Medicaid

Van Hollen Frames Trump Proposals as Dicey for GOP
DSCC chief cites health care plan, budget as politically tricky

Maryland Sen. Chris Van Hollen says President Donald Trump’s proposals betray his supporters. (Bill Clark/CQ Roll Call File Photo)

The Latest on Republican Health Care Bill Vote
With Republicans unable to coral enough votes, the bill was pulled Friday afternoon

Rep. Hal Rogers, R-Ky., center, and other members and staff make their way to a procedural vote in the Capitol before the vote on the American Health Care Act later in the day. (Tom Williams/CQ Roll Call)

House Republicans on Friday backed off on their attempt to push through a plan to partially repeal and replace the 2010 health care law, a major blow to one of Donald Trump's biggest campaign promises.

The announcement that GOP leaders would pull the vote on their alternative to the 2010 Affordable health care act came after a frenzied two days of lobbying.

House GOP Heads Into Health Care Vote ‘Between a Rock and a Hard Place’
Regardless of outcome, Republicans will walk away with losses

House Majority Whip Steve Scalise, R-La., has been trying to woo undecided Republicans to support the health care bill as a do-or-die vote approaches on Friday. (Photo By Bill Clark/CQ Roll Call)

The outcome of Friday’s House vote to partially repeal and replace the 2010 health care law is not certain, but one thing is: All parties to the Republican negotiations will walk away with some losses.

After a marathon few weeks of debate over the health care measure, President Donald Trump decided he was done dealing and urged the House to vote on the measure and let the chips fall where they may.

New CBO Estimate Does Little to Woo Critics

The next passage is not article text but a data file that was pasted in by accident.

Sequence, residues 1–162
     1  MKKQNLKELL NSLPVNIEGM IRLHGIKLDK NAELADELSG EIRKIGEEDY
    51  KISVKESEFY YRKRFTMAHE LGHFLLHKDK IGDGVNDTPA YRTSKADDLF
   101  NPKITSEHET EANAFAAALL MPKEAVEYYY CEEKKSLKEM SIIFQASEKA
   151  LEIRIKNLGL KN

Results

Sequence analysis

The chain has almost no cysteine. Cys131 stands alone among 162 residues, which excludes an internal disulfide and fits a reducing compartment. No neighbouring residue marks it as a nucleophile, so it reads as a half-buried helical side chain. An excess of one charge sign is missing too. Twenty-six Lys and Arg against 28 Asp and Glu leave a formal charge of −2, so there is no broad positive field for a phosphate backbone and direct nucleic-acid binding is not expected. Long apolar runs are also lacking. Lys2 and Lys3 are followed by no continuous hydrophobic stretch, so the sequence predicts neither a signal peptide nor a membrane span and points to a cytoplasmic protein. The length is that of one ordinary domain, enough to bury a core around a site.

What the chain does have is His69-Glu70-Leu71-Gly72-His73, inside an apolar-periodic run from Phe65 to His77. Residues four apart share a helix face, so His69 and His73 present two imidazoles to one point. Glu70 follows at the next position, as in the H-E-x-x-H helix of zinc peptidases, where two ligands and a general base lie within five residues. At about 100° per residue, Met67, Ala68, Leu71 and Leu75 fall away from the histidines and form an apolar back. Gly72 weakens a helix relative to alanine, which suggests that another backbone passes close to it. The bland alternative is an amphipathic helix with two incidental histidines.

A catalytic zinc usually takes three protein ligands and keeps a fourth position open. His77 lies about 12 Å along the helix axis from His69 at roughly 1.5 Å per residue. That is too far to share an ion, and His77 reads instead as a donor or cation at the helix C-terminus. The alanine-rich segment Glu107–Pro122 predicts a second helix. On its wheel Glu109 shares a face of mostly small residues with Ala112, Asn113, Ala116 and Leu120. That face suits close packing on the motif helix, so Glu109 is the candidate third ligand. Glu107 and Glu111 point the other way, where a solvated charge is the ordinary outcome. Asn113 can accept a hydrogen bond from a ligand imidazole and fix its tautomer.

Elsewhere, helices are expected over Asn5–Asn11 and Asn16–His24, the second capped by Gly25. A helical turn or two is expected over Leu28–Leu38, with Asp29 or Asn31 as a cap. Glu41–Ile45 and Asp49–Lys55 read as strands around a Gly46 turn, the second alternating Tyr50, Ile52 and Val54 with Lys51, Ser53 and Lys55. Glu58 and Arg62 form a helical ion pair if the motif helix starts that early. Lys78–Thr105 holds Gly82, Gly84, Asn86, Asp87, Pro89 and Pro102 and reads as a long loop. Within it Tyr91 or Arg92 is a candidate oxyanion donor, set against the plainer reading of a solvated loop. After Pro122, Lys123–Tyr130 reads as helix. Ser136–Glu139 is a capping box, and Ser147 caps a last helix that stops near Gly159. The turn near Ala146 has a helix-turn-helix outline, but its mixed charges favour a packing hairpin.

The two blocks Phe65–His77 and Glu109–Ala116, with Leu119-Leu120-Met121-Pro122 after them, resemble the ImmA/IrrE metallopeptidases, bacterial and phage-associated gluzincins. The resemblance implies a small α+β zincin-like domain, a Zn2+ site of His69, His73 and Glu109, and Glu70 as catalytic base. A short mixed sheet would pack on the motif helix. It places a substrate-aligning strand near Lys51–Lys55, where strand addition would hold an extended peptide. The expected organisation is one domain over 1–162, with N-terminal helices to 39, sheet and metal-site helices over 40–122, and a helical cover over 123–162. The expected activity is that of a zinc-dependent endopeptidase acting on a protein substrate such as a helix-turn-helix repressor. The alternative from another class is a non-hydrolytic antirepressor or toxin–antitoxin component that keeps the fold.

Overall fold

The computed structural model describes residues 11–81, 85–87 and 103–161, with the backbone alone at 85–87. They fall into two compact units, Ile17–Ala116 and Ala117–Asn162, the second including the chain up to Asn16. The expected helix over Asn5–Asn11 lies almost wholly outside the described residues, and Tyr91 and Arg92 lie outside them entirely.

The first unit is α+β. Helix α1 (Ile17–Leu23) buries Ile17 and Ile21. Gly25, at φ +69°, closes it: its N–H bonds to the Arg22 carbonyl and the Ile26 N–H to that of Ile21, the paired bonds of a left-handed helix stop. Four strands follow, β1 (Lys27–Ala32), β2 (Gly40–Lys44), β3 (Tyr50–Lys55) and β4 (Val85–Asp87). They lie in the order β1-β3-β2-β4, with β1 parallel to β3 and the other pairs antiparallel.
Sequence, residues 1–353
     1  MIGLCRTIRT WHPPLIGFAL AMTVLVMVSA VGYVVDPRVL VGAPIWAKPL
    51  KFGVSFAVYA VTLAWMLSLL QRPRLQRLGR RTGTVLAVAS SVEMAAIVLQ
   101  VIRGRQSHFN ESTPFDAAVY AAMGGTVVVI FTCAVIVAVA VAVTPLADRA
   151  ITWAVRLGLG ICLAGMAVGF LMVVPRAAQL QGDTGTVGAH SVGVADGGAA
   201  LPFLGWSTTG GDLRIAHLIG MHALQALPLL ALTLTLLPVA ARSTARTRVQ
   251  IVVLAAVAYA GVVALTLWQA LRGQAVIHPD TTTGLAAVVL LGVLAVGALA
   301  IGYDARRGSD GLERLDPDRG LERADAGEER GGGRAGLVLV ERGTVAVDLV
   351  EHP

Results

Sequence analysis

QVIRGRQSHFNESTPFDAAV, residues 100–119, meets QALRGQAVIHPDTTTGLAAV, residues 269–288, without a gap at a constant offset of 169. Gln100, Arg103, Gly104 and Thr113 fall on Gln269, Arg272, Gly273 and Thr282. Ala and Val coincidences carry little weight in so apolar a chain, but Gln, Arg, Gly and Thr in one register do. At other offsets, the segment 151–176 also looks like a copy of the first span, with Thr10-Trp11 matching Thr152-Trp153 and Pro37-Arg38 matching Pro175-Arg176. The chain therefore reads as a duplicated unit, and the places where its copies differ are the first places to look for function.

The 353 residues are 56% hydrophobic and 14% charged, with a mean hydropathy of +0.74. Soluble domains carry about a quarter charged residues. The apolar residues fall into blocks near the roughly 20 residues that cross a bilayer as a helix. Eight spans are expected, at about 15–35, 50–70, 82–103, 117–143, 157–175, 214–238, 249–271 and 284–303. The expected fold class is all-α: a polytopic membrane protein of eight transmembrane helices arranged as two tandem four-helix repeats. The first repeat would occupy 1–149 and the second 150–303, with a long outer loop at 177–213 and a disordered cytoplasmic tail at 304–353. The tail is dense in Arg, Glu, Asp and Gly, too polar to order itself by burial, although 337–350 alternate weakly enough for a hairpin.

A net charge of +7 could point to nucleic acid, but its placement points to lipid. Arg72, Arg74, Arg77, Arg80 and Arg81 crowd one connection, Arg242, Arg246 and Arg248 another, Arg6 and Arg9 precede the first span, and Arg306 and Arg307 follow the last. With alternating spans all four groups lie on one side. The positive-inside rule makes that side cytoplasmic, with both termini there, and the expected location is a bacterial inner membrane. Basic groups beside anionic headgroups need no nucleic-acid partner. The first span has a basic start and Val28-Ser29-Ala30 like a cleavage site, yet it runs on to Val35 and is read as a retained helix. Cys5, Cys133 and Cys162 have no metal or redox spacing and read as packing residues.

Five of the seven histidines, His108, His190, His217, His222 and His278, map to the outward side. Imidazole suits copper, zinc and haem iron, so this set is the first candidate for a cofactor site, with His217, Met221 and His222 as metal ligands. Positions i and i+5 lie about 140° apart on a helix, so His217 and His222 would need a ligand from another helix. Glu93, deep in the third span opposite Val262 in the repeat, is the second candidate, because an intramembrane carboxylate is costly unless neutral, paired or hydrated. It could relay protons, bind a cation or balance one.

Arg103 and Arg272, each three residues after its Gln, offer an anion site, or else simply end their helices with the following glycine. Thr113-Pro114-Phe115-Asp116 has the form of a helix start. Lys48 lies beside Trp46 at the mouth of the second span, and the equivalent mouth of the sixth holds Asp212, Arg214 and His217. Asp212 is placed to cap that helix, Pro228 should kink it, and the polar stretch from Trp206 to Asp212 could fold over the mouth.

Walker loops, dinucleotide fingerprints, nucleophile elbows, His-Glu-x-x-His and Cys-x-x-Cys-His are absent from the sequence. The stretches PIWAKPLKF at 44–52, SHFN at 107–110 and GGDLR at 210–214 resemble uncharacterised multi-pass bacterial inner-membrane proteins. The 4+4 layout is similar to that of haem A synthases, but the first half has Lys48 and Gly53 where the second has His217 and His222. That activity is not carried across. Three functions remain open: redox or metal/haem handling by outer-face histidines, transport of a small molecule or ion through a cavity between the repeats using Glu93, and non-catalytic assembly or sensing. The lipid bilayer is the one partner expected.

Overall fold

Pelosi: ‘As bad as TrumpCare already was, the Manager’s Amendment is crueler to Medicaid recipients‘

House Minority Leader Nancy Pelosi, D-Calif., and Senate Minority Leader Charles Schumer, D-N.Y., attend a news conference in the Capitol Visitor Center to voice opposition to House Republican's health care plan, the American Health Care Act, March 14, 2017. (Tom Williams/CQ Roll Call)

By ERIN MERSHON and JOE WILLIAMS, CQ Roll Call

An updated bill from House Republicans to repeal and replace the 2010 health care law would save the government less than half as much as the prior version, but wouldn’t result in any more people keeping their insurance coverage or lower premiums, according to a new analysis of the legislation released Thursday.

Senators Working the Ref Already on Health Care Bill
Parliamentarian rulings could make or break GOP legislation

Sen. Bill Cassidy is among the senators looking to make sure any health legislation or amendments will comply with the Senate’s procedural rules. (Bill Clark/CQ Roll Call File Photo)

As House Republicans struggle to cobble together the votes to pass legislation to repeal and replace the 2010 health care law, members are already looking to navigate the Senate’s labyrinth of procedural rules that could make or break the measure. 

Senate Democrats are already setting up for the battle with the parliamentarian about which provisions could run up against the Byrd Rule, which requires budget reconciliation bills that can pass with a simple-majority vote to be primarily about spending and revenues, without extraneous matter.

Disabled Protest Closes Rotunda
40-person protest kept lawmakers from entering